Although it’s not one of those “retire-at-half-the-cost” destinations, more and more expats are taking a closer look at Uruguay. They are attracted to the peaceful and relaxed lifestyle, the stable government, strong banking system, and mild, seasonal climate, without extreme temperatures.
With the reversed seasons of the southern hemisphere, the coast of Uruguay—particularly Punta del Estate—has long been a favored winter getaway spot of North Americans and Europeans. But coastal Uruguay also has some beautiful and interesting places for full-time residents.
Atlántida—Sitting just an hour’s drive east of Montevideo, Atlántida gets its name because it is considered the beach where the Atlantic Ocean officially ends, and the Rio de la Plata begins. Originally a getaway for the wealthiest Uruguayans, its proximity to the capital has since made it a popular middle-class resort. With only about 5,600 full-time residents, this can seem like a sleepy little town in winter—but its two beaches become very crowded during the tourist season.
There are still bargains to be found in this quaint small town. For example, there’s a three-bedroom, three-bathroom home, with a fireplace, balcony, terrace, swimming pool, and garden listed for just $169,800.
Piriápolis—If you like the beach, but enjoy being in the country too, Piriápolis is a great compromise. Situated about an hour west of Punta del Este, you drive through some beautiful farmland and ranches to reach this charming community. Piriápolis lies between this fertile region and the sea on the arc of a shallow bay, giving you the Atlantic Ocean on one side, and rolling green hills on the other.
The esplanade is adorned with white Greek-style columns, and follows the beach for two miles, ending at the Piriápolis Yacht Club. Strolling along this brick walkway under the palm trees, you can enjoy the sea breeze and the belle-epoque architecture of the city. The majestic Argentino Hotel, which at the time of its construction was one of the largest in all of South America, and the rounded tower of the Hotel Colón are just two of the most recognizable landmarks. Behind the yacht club, you can see the pink towers of the chair lift up to Templo de San Antonio, marching up the hillside.
With a population of about 10,000 full-time residents, Piriápolis is large enough to have the infrastructure you need, but still maintain a small-town atmosphere. Although much of the real estate market is geared towards short-term rentals, there are still affordable properties available. For example, single-family homes can be found in the Barrios Los Angeles starting at $165,000, and a local real estate agent is listing a three-bedroom oceanfront condo for $235,000.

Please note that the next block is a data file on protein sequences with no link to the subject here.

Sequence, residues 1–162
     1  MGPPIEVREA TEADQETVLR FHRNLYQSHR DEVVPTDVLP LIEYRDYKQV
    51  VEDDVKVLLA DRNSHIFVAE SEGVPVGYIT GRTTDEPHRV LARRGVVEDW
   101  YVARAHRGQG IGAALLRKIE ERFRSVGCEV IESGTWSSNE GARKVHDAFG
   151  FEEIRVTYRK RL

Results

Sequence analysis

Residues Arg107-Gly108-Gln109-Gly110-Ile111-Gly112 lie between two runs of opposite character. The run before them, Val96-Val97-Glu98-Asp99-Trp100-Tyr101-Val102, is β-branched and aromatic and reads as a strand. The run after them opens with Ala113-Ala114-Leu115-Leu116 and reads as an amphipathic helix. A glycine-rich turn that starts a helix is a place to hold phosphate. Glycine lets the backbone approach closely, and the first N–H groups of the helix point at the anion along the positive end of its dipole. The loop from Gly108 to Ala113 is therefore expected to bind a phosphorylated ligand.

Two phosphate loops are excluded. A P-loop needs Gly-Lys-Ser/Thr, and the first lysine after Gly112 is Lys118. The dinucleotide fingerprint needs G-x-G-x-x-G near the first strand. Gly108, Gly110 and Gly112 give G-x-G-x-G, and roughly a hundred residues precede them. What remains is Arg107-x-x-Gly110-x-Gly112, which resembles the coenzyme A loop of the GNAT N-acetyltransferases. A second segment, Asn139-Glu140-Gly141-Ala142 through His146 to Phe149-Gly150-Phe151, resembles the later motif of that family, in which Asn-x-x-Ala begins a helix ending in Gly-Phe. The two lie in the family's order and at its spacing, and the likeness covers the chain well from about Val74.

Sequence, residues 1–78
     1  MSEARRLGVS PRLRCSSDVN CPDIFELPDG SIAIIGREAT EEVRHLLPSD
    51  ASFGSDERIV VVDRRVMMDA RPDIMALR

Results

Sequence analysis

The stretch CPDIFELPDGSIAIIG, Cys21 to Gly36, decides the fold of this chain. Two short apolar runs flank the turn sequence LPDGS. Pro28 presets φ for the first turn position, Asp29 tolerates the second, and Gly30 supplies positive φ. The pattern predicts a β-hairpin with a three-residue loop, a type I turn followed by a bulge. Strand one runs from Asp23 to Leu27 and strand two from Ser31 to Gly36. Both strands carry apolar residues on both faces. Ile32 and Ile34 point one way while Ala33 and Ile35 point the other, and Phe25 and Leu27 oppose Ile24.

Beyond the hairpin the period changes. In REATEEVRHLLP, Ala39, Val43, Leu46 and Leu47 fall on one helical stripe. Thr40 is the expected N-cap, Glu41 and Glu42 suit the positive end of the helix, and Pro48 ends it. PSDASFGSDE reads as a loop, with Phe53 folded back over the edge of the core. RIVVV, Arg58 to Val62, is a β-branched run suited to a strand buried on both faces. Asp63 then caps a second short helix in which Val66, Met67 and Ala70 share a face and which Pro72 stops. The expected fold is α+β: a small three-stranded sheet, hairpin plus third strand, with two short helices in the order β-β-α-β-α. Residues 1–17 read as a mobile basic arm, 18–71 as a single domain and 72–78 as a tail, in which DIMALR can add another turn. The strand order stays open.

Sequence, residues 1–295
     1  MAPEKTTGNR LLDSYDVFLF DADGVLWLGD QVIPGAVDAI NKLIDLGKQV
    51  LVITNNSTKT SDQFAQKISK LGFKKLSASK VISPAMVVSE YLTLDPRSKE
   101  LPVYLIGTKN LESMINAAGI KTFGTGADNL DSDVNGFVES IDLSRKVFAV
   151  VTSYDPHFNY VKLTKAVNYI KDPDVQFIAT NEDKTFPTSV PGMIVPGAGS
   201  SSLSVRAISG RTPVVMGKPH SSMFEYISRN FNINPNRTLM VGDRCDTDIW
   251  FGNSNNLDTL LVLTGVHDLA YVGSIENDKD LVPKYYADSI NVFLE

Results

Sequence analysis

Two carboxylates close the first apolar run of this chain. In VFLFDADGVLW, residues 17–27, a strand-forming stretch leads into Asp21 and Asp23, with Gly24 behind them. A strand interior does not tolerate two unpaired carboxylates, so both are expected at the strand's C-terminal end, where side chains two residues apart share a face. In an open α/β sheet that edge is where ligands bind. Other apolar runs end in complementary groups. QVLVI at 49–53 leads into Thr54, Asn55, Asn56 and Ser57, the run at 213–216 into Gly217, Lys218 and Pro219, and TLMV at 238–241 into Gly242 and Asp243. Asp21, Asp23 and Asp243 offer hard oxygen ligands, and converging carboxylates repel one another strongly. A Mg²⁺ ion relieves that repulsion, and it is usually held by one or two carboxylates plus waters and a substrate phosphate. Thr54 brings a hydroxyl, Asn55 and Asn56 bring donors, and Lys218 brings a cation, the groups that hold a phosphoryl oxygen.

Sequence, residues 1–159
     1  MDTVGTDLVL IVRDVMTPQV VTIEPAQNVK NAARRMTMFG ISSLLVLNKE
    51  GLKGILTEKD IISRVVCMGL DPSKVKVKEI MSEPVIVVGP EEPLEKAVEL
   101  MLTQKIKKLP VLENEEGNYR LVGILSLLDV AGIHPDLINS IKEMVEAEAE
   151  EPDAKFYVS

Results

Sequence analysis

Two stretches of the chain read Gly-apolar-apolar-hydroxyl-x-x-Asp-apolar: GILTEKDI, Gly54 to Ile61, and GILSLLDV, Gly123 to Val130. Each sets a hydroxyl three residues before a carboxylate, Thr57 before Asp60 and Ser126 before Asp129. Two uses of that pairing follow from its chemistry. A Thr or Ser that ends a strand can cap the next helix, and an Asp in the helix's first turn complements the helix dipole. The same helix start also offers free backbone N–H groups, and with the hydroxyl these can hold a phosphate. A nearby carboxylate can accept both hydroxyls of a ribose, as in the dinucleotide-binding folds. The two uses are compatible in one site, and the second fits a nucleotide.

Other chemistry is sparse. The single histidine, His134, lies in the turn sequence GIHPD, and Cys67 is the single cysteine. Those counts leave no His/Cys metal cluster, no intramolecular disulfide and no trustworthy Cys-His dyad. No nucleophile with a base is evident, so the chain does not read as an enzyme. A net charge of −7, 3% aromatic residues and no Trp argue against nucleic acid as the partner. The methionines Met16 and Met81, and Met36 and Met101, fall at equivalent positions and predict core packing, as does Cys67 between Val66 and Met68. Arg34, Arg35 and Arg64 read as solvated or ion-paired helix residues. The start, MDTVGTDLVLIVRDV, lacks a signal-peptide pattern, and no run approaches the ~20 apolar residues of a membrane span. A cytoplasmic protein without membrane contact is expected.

Punta del Este—Punta del Este is a gleaming strip of high-rises, jutting out into the Atlantic. Further inland, there are neighborhoods like Pinares, full of single-family homes, many with thatched roofs, which seems a little out of place when you first see them. But soon you realize that the variety of architectural styles reflects the diversity of the European cultures that make up Uruguay’s population.
There are two, large white-sand beaches open to the public, one of which sports the iconic La Mano (The Hand) sculpture. Four fingers and a thumb poke up from the beach, in what the artist conceived of as the hand of a drowning man to warn swimmers to be careful in the waters. You will also find plenty of shopping, restaurants, casinos, and nightlife. Even in low season, things do not shut down completely in this vibrant peninsula.
Punta Balena—If you are not interested in the higher-priced, high-rise lifestyles of Punta del Este, there are some interesting and affordable options nearby. I was particularly taken with Punta Ballena. This narrow point stretches south into the Atlantic parallel to Punta del Este, visible across the bay formed by the two peninsulas. There are condos on the east side that step down the hills, giving all the residents a terrific vista.
In the other side of the point, there’s a two level, 2,450-square-foot-home sitting on a 10,000-square-foot lot giving westerly views of the Atlantic and the green hills of the interior. It has three bedrooms and two bathrooms, and is built with wood and natural stone throughout. Of course, you also have your own large grill—a must for enjoying the great Uruguayan beef—and it is listed for $270,000.
Of course, there are also more expensive homes on the top of the point that give their owners both the sunrise and sunset. But Punta Ballena deserves a close look if you want great ocean views that are close to the shopping, restaurants, and other advantages of the larger resort, but out of the press of the crowds.
That’s just some of the many communities waiting for you to explore on the coast of Uruguay.
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